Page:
I want us to feel the tragedy in seeing two people who could help each other, instead destroying each other in an unhealthy relationship.

Carmen on the Lake. Photo: supplied.

Why did you decide to stage Carmen’s death the way you did? Was it important to you to underline how brutal her ending really is?

In the opera, we often come to take it for granted that women get killed by men – but we need to remind ourselves and the audiences how brutal this act is. We knew we wanted to use the water, so in a double sense she gets drowned from José, but also – together with him – drown in their relationship and the passion it has unleashed.

The last scene is set as the water is rising around them, making it physically impossible for them to get away from each other, and uniting them in a desperate fight for their lives. But in the end it is Carmen who gets drowned, and we felt it was natural to use the water for this.

You require a lot of stage action and commitment from your principals. Did any of the stunts or blocking daunt them?

I don’t think a singer agrees to work in Bregenz if they are not curious and a bit hungry for the adventure of having to do things differently. I felt only that the singers were really keen to use the set and to do physically interesting things – even to the extent where sometimes we had to restrain them or tell them not to do things they wanted to do for safety reasons.

In Bregenz you need singers who want to make the action physical. Carmen is a story that needs a very strong physical energy to be told with the passion and brutality that makes it not just an exotic fantasy, but a very real story about violence and obsession.

Carmen on the Lake. Photo: supplied.

Although Carmen can seem like a very ‘big’ opera in terms of its locations, the amount of people onstage etc., it also has lots of intimate moments. How did you find the way to stage these moments?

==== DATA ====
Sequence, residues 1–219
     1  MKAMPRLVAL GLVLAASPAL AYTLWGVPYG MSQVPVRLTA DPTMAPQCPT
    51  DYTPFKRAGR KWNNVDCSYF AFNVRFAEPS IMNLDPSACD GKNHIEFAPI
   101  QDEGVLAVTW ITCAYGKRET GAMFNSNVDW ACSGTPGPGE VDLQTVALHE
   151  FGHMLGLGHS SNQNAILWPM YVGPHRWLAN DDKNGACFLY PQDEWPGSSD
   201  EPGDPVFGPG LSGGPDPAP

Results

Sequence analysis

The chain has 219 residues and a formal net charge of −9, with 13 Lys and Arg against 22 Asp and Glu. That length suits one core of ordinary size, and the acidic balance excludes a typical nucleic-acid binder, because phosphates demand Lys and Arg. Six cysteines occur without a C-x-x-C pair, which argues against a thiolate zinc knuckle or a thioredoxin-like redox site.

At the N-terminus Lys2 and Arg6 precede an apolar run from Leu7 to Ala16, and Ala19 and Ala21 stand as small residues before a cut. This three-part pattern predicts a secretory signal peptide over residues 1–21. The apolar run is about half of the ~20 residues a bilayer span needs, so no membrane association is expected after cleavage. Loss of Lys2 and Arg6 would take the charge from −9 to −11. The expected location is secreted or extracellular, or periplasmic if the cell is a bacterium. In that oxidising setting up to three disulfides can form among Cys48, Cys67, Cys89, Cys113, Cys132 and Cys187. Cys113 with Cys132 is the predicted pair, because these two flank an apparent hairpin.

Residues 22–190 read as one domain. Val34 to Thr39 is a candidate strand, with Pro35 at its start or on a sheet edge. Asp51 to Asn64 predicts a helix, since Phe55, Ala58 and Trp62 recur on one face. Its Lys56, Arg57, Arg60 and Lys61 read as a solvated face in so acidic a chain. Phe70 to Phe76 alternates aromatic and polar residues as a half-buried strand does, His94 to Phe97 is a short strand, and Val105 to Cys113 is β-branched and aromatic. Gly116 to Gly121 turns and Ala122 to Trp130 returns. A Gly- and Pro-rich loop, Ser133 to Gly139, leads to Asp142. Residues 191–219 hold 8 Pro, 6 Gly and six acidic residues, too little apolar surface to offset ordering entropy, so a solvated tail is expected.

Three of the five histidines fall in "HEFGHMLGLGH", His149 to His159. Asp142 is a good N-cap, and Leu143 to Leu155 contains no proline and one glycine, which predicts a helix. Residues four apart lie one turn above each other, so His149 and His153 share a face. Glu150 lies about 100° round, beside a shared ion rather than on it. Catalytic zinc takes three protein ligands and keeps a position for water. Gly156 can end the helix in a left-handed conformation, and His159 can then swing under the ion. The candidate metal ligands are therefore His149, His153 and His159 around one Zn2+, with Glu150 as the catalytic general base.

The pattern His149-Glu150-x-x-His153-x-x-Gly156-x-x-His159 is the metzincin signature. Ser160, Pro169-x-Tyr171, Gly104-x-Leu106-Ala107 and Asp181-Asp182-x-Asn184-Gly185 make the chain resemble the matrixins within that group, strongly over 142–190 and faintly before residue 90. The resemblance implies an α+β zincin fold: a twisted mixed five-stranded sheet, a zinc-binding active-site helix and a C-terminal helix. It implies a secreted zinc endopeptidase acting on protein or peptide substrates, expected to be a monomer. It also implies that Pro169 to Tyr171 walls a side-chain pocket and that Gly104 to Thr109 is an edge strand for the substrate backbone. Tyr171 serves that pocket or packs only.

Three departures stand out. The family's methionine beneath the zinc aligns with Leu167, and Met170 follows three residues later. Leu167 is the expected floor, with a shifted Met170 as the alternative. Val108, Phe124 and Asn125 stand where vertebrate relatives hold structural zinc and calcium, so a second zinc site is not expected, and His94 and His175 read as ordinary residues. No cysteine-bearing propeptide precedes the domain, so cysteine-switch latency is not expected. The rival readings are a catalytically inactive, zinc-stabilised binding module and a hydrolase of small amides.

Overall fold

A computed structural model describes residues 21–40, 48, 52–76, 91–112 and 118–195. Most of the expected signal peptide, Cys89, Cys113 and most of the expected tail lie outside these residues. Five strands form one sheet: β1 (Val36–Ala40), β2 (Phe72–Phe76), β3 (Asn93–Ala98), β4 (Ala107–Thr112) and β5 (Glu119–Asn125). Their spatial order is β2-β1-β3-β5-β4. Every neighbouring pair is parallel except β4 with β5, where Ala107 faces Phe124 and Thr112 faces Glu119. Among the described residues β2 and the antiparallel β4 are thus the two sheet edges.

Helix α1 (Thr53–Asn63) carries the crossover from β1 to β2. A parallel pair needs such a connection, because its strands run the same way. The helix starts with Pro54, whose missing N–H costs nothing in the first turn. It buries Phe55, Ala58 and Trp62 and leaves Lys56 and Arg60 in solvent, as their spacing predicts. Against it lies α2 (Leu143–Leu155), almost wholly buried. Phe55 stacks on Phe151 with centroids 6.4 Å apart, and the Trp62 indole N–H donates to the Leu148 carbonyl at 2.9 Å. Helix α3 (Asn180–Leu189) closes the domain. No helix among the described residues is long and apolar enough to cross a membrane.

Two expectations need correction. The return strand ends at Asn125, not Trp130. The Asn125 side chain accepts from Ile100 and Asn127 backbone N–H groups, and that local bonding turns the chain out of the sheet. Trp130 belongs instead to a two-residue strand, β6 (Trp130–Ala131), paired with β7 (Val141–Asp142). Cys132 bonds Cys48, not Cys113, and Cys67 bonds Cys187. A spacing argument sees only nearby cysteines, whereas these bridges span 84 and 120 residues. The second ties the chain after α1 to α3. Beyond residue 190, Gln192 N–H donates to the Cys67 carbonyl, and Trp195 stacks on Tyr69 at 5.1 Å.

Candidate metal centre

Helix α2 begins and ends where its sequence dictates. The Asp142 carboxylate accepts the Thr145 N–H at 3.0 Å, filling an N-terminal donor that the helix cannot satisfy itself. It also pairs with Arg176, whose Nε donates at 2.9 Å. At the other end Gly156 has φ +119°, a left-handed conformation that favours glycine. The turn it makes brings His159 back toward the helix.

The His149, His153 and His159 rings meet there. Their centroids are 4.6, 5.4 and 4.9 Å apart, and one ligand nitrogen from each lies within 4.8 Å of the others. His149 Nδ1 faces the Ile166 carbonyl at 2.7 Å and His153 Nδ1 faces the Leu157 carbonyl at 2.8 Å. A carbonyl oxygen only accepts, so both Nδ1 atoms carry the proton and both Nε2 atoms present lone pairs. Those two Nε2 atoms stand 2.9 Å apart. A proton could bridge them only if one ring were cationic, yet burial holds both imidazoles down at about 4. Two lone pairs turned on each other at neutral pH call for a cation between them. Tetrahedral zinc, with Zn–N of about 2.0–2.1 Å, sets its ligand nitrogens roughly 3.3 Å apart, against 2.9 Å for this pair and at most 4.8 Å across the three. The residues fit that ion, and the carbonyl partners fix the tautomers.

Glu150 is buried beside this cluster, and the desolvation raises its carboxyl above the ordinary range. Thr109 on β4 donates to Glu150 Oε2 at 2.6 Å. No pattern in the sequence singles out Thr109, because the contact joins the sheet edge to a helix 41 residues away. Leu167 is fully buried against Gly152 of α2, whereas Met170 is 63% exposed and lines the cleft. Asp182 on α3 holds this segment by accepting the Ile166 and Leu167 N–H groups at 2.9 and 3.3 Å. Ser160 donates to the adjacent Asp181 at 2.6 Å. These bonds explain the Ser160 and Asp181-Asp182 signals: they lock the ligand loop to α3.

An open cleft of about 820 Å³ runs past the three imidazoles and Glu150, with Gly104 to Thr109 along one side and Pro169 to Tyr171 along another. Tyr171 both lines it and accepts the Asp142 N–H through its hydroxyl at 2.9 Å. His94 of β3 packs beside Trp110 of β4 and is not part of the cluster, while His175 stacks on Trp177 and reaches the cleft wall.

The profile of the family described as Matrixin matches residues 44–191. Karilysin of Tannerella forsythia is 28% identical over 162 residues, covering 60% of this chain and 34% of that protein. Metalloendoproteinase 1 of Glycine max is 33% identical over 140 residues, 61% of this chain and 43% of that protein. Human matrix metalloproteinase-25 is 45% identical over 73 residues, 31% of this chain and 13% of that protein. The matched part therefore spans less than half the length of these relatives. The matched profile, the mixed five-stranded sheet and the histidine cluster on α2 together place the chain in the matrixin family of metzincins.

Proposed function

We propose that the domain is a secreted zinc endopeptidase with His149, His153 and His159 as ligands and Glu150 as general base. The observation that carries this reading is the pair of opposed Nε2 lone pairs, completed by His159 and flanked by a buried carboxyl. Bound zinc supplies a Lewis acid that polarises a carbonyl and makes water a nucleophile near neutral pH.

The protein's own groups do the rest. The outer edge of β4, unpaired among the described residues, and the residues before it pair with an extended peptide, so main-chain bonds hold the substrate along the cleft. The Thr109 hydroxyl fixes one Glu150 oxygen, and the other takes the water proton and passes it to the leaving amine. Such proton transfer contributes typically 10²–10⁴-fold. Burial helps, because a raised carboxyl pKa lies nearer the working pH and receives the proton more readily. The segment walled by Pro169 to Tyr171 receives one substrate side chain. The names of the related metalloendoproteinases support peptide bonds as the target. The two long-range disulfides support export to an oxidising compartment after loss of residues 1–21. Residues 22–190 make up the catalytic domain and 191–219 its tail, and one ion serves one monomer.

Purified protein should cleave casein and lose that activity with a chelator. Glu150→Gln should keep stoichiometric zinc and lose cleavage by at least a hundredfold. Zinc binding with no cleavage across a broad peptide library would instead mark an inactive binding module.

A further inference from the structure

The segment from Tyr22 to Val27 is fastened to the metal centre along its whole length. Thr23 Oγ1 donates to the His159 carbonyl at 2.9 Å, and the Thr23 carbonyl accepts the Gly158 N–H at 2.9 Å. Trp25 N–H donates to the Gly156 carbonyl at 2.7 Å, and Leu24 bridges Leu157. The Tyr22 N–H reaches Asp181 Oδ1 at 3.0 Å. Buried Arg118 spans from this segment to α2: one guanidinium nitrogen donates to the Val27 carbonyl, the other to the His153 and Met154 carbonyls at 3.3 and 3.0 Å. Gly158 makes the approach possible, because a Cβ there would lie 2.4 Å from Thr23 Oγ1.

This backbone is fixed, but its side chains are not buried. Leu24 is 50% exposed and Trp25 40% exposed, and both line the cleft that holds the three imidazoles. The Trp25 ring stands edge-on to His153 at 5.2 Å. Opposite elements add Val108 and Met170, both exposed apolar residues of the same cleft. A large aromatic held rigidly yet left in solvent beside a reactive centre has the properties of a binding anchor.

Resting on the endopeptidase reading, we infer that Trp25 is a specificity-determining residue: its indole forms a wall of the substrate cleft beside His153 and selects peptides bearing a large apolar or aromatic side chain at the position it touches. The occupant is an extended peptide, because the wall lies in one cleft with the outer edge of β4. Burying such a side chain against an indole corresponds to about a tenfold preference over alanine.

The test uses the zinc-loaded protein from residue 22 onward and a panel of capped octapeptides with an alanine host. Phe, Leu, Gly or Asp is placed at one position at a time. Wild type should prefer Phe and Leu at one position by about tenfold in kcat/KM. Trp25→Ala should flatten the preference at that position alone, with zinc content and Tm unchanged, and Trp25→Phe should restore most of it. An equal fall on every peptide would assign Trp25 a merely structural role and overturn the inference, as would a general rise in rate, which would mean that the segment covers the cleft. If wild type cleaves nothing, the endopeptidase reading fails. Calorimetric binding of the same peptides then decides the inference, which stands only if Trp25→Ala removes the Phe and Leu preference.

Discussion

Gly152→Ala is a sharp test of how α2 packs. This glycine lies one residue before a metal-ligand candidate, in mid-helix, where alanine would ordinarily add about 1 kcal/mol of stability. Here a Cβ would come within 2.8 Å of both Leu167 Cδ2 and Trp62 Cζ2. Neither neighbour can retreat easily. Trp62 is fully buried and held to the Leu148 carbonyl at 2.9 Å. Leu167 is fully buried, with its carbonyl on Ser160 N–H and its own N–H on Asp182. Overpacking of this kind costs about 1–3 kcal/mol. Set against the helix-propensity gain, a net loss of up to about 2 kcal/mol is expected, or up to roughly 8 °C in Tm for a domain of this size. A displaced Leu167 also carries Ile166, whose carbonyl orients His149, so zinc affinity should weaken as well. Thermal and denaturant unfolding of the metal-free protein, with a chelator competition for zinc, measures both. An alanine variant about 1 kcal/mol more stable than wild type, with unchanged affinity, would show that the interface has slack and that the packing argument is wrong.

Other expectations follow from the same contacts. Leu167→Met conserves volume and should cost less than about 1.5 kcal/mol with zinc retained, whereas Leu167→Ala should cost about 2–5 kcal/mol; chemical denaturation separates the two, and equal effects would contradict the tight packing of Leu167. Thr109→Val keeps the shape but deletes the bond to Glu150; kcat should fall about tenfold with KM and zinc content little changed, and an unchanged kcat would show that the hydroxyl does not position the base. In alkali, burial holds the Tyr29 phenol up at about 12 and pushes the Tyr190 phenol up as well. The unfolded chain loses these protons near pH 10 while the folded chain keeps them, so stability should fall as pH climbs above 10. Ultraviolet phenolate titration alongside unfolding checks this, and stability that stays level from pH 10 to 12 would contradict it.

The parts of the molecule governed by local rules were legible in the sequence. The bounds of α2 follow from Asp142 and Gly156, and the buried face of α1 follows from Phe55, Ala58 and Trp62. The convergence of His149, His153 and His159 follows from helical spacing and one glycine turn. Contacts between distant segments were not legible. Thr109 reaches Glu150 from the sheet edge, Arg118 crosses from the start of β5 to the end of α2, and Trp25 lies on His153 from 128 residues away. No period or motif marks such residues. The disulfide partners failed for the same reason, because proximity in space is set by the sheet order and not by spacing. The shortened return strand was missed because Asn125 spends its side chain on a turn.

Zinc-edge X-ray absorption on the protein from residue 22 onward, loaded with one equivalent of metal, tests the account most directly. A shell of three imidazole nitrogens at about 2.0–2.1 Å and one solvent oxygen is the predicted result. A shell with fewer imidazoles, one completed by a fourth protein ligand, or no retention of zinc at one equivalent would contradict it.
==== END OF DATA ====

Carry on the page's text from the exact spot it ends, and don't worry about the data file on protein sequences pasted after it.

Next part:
Intimate moments can work surprisingly well in Bregenz, even if you are far away. The key for me to understanding this stage is that you need to space out what happens between the characters, so they keep moving and demonstrate the dynamics of their exchanges also through movement. But even more importantly was to understand that what I think doesn’t work in Bregenz is when a singer is singing on his or her own. You need them always to sing TO someone else, and to create a dynamic in placing them not directly beneath each other, and preferably even to have a third party listen in or observe them. When Micaela sings her aria about how afraid she is – we need to show what she is afraid of: The height, and the smugglers down below. When Carmen sings to herself in her Act 3 aria, we can see her in this production literally singing to her own younger self. And when José and Micaëla sing a duet in Act 1, we see Carmen overhearing it which provokes her to kick off the fight in the factory in order to have José arrest her.

We also worked with live video projections in key moments. I always enjoyed shows in Bregenz, but felt there was something missing when after the performance I did not know what the lead singers looked like. So we selected key moments where we could project the faces of the lead singers up onto the set: Not so much to show that moment in itself, but in order to allow the audience to see what they look like and thus more easily to identify with the singer, also for the rest of the performance.

What have been the most rewarding aspects of this project?

I had SO much fun. It was rewarding in all possible ways: Working outdoors and getting so much exercise by working on this scale made for an amazing summer, the people who choose to work in Bregenz are all wonderful and open minded and want to work together to have a real adventure, but most importantly it is rewarding to know we can give 400,000 live audiences an operatic experience with a production of a masterpiece like Carmen. It feels as if here you can truly do what we all talk about: To reach a large new audience in an exciting and inviting way without compromising the quality. And that people as far away as Australia also get to enjoy it through the cinema broadcast makes it only even better.


CinemaLive will be releasing Carmen On The Lake in cinemas across Australia and New Zealand from October 21.